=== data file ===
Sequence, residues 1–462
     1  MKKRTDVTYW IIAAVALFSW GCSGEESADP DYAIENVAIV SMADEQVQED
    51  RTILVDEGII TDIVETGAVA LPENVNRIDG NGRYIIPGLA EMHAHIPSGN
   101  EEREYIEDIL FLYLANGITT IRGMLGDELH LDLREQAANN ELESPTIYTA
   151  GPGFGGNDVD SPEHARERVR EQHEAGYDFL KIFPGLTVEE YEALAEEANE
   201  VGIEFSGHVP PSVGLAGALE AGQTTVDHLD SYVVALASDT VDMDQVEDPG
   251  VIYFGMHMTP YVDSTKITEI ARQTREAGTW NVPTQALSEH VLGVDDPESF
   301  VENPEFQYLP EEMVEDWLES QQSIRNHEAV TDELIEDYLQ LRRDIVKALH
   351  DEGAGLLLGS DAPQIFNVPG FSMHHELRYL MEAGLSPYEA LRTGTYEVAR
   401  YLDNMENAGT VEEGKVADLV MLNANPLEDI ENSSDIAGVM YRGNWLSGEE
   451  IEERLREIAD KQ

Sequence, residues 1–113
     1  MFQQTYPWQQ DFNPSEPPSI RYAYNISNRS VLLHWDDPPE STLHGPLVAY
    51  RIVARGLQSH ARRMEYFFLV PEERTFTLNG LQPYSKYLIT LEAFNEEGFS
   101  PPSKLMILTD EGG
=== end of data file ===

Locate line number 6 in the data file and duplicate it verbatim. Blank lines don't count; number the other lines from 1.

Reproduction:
   201  VGIEFSGHVP PSVGLAGALE AGQTTVDHLD SYVVALASDT VDMDQVEDPG